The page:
Association between hearing loss and development of dementia using formal behavioural audiometric testing within the Mayo Clinic Study of Aging (MCSA): a prospective population-based study

John P. Marinelli, Christine M. Lohse, Wanda L. Fussell, Ronald C. Petersen, Nicholas S. Reed, Mary M. Machulda, Maria Vassilaki, Matthew L. Carlson

Research output: Contribution to journalArticlepeer-review


Background: Hearing loss has been identified as a potential major modifiable risk factor for developing dementia. This study examined associations between formal behavioural pure-tone and speech audiometry assessed by an audiologist with development of dementia in the Mayo Clinic Study of Aging (MCSA). Methods: The MCSA is a prospective population-based study examining the incidence, prevalence, and risk factors of mild cognitive impairment and dementia in Olmsted County, Minnesota, USA. Participants undergo clinical examinations with neuropsychological testing at enrolment and every 15 months. Participants were 50 years or older at enrolment between Nov 29, 2004, and Dec 23, 2019, who underwent formal behavioural audiometric evaluation by an audiologist due to concerns about hearing loss or as a part of annual comprehensive health assessments. Associations of pure-tone average (PTA) and word recognition scores (WRS) with the development of dementia were evaluated using Cox proportional hazards regression with age as the timescale, and associations with changes in cognitive testing scores over time were evaluated using linear mixed-effects models. Findings: Among 1200 eligible participants, the mean age at enrolment was 79 years (SD 9), 593 (49%) were men, and 207 developed dementia during a mean of 7·0 years (SD 3·7) of follow-up. After adjusting for sex, years of education, smoking status, diabetes, hypertension, apolipoprotein E ε4 carriership, and hearing rehabilitation (defined as hearing aid or cochlear implant use), neither PTA (hazard ratio [HR] per 10-decibels hearing level increase of 0·99 (95% CI 0·89–1·12; p=0·91) nor WRS (HR per 10% decrease of 0·98, 95% CI 0·89–1 ·07; p=0·65) was significantly associated with the development of dementia. However, both PTA and WRS were significantly associated with poorer performance in cognitive testing over time: participants with a PTA higher than 25 decibels hearing level or a WRS lower than 100% had significantly worse declines in cognitive testing scores. Informant-based hearing difficulties assessed by the participant's study partner were significantly associated with the development of dementia (HR 1·95, 95% CI 1·45–2·62; p<0·0001). Interpretation: In this prospective population-based study, subjective informant-based hearing difficulties were associated with development of dementia, whereas objective measures on formal behavioural audiometry were predictive of poorer performance on cognitive testing over time but not the development of dementia. Other factors related to central processing might potentiate the effects of peripheral hearing loss detected on behavioural audiometric testing. Funding: National Institute of Health, the Alexander Family Alzheimer's Disease Research Professorship of the Mayo Clinic, the GHR Foundation, the Mayo Foundation for Medical Education and Research, the Liston Award, the Schuler Foundation, the Rochester Epidemiology Project medical records linkage system, and the National Institute on Aging.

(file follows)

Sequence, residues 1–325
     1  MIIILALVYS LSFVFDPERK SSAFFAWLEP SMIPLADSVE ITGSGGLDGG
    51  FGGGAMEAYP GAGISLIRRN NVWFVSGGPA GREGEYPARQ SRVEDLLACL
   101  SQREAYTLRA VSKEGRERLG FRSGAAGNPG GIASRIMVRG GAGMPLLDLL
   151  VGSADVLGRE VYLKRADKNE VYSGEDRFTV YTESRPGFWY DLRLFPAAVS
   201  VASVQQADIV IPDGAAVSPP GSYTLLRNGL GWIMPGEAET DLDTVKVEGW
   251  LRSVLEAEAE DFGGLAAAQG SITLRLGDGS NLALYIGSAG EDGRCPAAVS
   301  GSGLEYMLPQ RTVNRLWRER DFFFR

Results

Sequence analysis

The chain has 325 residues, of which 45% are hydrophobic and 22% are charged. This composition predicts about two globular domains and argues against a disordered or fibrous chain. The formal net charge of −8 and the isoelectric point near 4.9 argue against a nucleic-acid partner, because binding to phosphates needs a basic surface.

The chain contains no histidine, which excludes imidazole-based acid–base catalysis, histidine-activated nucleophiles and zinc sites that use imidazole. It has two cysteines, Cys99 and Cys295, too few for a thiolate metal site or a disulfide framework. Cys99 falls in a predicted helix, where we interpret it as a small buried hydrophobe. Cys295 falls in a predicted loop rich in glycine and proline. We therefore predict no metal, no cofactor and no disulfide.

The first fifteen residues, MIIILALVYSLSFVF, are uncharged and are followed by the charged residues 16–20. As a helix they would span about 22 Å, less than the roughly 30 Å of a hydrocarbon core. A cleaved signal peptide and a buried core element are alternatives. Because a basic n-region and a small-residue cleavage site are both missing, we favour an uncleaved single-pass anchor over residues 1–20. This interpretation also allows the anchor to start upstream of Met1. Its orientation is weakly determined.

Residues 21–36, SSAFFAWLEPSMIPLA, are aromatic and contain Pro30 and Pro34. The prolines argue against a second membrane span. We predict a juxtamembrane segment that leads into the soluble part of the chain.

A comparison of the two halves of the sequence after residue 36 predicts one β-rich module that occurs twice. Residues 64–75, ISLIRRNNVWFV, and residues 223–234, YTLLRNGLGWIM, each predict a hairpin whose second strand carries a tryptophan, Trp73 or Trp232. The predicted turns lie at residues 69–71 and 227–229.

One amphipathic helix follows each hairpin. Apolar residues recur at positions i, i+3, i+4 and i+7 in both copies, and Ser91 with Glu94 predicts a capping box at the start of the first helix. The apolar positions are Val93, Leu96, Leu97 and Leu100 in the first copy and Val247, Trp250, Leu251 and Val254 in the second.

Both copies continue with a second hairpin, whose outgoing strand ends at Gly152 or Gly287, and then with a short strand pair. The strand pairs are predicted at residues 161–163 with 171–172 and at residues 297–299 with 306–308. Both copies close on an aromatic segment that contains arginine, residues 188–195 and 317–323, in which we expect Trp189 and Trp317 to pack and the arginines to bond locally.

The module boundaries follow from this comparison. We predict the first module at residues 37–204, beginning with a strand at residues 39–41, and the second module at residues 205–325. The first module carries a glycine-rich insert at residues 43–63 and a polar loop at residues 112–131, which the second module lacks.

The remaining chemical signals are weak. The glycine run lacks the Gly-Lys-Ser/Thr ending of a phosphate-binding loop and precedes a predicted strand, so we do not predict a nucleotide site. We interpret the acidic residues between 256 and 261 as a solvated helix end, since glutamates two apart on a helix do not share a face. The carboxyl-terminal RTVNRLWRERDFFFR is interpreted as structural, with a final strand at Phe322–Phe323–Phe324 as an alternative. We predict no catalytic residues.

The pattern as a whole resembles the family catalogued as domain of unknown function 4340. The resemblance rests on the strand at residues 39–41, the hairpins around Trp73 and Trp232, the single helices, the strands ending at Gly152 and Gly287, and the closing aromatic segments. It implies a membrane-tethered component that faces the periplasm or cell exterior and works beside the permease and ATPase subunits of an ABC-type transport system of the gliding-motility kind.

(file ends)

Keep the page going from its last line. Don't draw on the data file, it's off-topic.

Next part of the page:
Original languageEnglish (US)
Pages (from-to)e817-e824
JournalThe Lancet Healthy Longevity
Issue number12
StatePublished - Dec 2022

ASJC Scopus subject areas

  • Health(social science)
  • Geriatrics and Gerontology
  • Psychiatry and Mental health
  • Family Practice


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